Read Emo Boy Volume 1: Nobody Cares about Anything Anyway, So Why Don't We All Just Die? by Stephen Emond Free Online
Book Title: Emo Boy Volume 1: Nobody Cares about Anything Anyway, So Why Don't We All Just Die?|
The author of the book: Stephen Emond
Edition: SLG Publishing
Date of issue: December 4th 2006
ISBN 13: 9781593620530
Format files: PDF
The size of the: 1.89 MB
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Reader ratings: 4.1
Read full description of the books:
Poor Emo Boy -- he's unpopular, unloved and has no family. Not only does he need to deal with things like pondering suicide and questioning his sexual identity, but he's also got these emo super powers that only seem to bring destruction and disaster, causing everyone to hate him more than they already do. His first love suffers a head explosion, the football team wants him dead and he got an F in English. No wonder he's so depressed!
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Read information about the authorHello, my name is Stephen Emond, or just Steve if you prefer. There isn’t much about that me isn’t be said in this excerpt from the HAPPYFACE page on amazon.com:
About the Author
Steve Emond does not have any superhuman powers, neat tricks, or famous relatives, but he’s a pretty cool guy who can draw. He is the creator of Emo Boy, which ran for 12 issues and two collections, and the comic strip, Steverino. He grew up in Connecticut, where he wrote and directed a public access sketch comedy show that only his grandmother watched.
I’m pretty sure my editor on the book wrote this to mimic my sometimes self-deprecating manner because I don’t remember writing it myself.
Anyway, I’m a creator, I guess you can say. I focused solely on drawing in my youth, wanting to be a comics artist. Not so much the kind I became, I was more interested in superheroes. Starting with Spiderman, which led to the New Warriors, which led me to following Todd McFarlane, Jim Lee, the guys that wound up at Image. I was a huge Image fan until a girlfriend turned me on to indie comics, which read more like the things that went on in my head.
Another thing I drew, that fed into my later love of writing, was a comic strip called STEVERINO. I did STEVERINO from my senior year of highschool, and for about six years after. Even after that, I returned to the strip off and on, the last stretch in ‘06. You can read those comics by clicking the Steverino box at the top of Stephenemond.com. I think STEVERINO really helped me develop as both an artist and a writer. The comic strip is a great way to learn writing, because every strip has a beginning, middle and end to it. It’s short, but you learn a lot in what’s interesting and how to set up and close an idea. I did twenty-five page books every month, three cartoons per page, and sent them to never more than thirty people. I worked through a lot of my own neuroses in those years, but it was a lot of fun.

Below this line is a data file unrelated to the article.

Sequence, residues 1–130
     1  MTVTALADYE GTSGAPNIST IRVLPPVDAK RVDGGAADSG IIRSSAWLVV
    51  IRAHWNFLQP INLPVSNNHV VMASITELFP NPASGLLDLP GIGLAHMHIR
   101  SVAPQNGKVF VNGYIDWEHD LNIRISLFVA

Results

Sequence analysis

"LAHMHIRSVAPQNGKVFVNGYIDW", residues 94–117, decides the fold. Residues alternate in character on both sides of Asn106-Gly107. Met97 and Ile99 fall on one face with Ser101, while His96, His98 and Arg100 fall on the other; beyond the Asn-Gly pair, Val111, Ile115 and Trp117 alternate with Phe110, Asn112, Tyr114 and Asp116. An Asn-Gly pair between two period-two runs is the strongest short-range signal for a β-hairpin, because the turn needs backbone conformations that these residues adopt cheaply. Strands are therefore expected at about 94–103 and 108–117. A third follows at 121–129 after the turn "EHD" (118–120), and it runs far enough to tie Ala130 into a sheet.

Feedback for Steverino was generally positive. I won a national contest, Andrew-McMeels/Follett College Store’s STRIP SEARCH: DISCOVERING TOMORROW’S TOP CARTOONISTS TODAY and had my comic printed in a book of the same name. I had three or four local newspaper articles and ongoing dialogues with a few syndicate editors. There wasn’t really any hook, though. It was just me and my thoughts. They liked the art, they liked the writing, they thought it was charming, but you couldn’t sell it.
Eventually I had the idea for EMO BOY, which was “what if this emo kid had superpowers, but they were completely destructive and he was too emo to use them anyway?” It was a joke at first but my girlfriend at the time urged me to go on with it. I did a mini comic, ashcan style – 8 1/2X11 pages folded down the middle and xeroxed. In it, Emo Boy joins a garage band, falls for a pretty girl, kisses her and explodes her head in a fit of emo-nerves. The band is ready to beat him down when he comes up with a hit emo song about the experience.
I sent the comic to SLG Publishing, because honestly, who the heck else would publish it? In the meantime, I had so much fun with it that I kept making the books. I did four more issues, without the emo powers, just as a comedy comic about an emo kid and his happy-go-lucky friend Maxine. About eight months after I mailed the book to SLG, I got an email from Dan Vado asking if I was still looking for a publisher. Indeed, I was! I sent him the new issues to show how the art and writing had improved, although Dan did recommend giving him the powers back, as it lent the series a feeling of suspense, not knowing what was going to happen next.
EMO BOY ran for twelve issues. It started strong, but as is the case with most indie comics, sales slipped to a point that it wasn’t cost-effective to continue printing each issue. I was left with the option to do it as a digital comic, or to do a series of graphic novels. I decided to take some time off.